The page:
Friday, May 18, 2012

Egg Alternatives

Sorry about the messed up schedule, guys. I know I haven't been keeping up with my regular posting but that will change after next week, since next week is the last week of school. It's been hectic lately, but I'm trying to make it up to you guys as best as I can. And if I haven't viewed any of your blogs lately, I'm also sorry.

Anyways, I have an interesting topic I'd like to share with you guys. As you probably already figured out, I'm a huge health freak, so anytime I can find ways to be healthier, I want to share my knowledge. So lately, I've been trying to find alternatives to eggs since eggs have never been my favorite thing to eat. And I know lots of you out in the world are conscientious when it comes to cholesterol (same here). There are a lot of egg alternatives out there that I never imagined existed. Well, maybe not a lot, but a few which is better than nothing.

The first thing I ever came across was grinding up one table spoon of flax seed up with 3 table spoons of water. Now I don't know if you've ever tried this before, but to me, I absolutely hate nutty mixtures. This made for too much nuttiness. (I can't tolerate any nut butters. I can barely swallow them because they make me gag.) It may or may not bother you so this may be an option if you want something for a bread mixture, but for desserts and whatnot, this recipe may not be the best choice.

And then there's commercial egg replacers that I've heard about. To me, I'm not a big fan of processed food, so this one is out the door for me.

There's also mashed fruit. An interesting concept. It'll probably work well with baked goods, depending on what type of taste your looking for. 1/4 cup of banana can replace 1 egg! Sounds awesome to me.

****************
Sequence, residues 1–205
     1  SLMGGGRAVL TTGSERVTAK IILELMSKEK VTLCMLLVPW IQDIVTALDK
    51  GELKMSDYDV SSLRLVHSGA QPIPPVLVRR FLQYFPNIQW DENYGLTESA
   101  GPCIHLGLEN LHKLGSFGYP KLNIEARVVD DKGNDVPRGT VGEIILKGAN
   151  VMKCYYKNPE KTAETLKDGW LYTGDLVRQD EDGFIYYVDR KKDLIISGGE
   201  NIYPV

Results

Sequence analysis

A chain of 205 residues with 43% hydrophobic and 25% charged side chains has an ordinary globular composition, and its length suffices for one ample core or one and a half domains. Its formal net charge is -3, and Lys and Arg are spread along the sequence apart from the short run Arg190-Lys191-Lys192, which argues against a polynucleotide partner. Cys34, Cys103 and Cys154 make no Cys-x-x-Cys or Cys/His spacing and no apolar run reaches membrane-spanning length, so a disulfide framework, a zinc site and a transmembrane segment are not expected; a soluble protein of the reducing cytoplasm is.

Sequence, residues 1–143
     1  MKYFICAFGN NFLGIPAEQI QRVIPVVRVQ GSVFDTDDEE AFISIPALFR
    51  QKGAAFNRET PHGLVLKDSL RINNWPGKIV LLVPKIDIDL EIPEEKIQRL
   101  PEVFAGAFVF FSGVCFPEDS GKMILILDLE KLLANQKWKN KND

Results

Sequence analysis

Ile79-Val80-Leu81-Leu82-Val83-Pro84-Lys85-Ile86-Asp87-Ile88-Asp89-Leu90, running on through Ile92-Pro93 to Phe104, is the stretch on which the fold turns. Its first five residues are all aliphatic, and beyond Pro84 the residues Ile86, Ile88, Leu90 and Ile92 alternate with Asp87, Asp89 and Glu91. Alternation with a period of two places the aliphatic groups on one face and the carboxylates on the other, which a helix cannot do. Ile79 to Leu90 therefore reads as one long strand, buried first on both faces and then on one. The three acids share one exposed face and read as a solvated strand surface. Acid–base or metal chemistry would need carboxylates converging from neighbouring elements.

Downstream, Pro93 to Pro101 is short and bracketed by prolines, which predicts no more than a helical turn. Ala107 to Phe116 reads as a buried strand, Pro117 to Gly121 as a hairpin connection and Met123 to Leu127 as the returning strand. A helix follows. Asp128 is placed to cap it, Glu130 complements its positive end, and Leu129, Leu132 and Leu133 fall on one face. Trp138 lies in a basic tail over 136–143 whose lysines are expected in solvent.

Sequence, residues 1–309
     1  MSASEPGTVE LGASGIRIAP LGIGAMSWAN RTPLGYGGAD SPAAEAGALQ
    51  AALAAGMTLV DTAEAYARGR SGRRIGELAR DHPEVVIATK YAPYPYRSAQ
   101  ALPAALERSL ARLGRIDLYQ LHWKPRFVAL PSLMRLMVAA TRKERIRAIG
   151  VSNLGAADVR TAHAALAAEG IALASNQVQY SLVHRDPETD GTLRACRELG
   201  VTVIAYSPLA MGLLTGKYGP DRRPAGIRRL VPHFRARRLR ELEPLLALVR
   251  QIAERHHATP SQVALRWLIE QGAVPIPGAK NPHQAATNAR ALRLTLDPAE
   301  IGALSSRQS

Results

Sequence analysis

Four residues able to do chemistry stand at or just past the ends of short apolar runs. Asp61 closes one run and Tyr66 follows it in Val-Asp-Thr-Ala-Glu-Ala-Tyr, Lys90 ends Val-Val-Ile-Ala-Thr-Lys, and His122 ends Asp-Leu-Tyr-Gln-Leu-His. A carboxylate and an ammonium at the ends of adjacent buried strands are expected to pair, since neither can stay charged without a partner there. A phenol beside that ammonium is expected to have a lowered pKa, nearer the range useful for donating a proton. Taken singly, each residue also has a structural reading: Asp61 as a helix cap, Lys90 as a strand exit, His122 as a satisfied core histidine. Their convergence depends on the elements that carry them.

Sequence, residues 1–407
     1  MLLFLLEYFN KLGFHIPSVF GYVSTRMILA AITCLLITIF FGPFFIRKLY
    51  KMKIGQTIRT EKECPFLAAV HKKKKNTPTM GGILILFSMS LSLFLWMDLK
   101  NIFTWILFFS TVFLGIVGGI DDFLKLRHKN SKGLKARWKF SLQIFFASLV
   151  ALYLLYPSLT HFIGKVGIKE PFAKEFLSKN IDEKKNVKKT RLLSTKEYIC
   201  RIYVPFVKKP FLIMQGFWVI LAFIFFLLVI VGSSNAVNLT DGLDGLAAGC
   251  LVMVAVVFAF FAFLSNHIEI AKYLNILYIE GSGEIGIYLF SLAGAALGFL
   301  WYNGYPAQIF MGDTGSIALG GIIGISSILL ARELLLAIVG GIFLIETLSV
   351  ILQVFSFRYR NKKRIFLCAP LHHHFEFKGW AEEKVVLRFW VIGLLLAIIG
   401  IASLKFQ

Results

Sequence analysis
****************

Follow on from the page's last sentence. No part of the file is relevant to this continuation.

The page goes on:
Tofu is another choice. I know tofu usually makes non-vegetarians turn the other way, but tofu is a lot different than you'd expect. Society, from what I remember as growing up, has always made healthy food seem so disgusting and awful. I remember watching a TV show once, and the characters freaked out and made it seem as if tofu was the worst thing on the planet. Truthfully, it has no real significant taste to it, especially if you blend it in with other things like smoothies. I mean, it's only soybeans, and yes soybeans, are supposedly "not-so-good", but in a vegetarian's eyes, we'd rather eat too much soybeans than meat.
Anyways, now that my rant is over, 1/4 cup of blended silken tofu will do the job to replace one egg.

Now here's for my favorite recipe:
  • 5 tablespoons whole flaxseeds
  • 2 cups warm water 
Mix, cover, and refrigerate for 6-8 hours or overnight.
Now you need to strain the mixture into a different container. I usually whisk the stuff around in the strainer to move the good through the strainer faster. Good thing about this recipe is that you can keep the flax seeds and eat those for health benefits while the goop is used as an egg replacer. 2 tablespoons of goop and equals one egg, and no nutty crunchy horribleness!

Also can use chia seeds which are highly nutritious!

Why should you keep the soaked flax seeds? Well, let me tell you a little secret. Non-soaked flax seeds pass right through our systems. So when you soak them, a digestive property is released from the seed, allowing for them to be easily digested, thus allowing nutrients to be absorbed into our system. Same goes with all seeds and nuts, except chia seeds which are a different story.


Hoped you found this information worth-while! Any comments or questions? Ask away!
~Kai


My sources:
  • http://www.jonathoncihlar.com/index.php?Post=flaxgoop&LocaleID=en
  • http://veganactivist.wordpress.com/2011/12/04/chia-does-the-trick/
  • http://www.livingfoodvillage.com/recipes/201-living-raw-flax-seed-crackers
        ^This last website has a recipe for flax seed crackers, so please check it out! Also talks more about soaking flax seeds.

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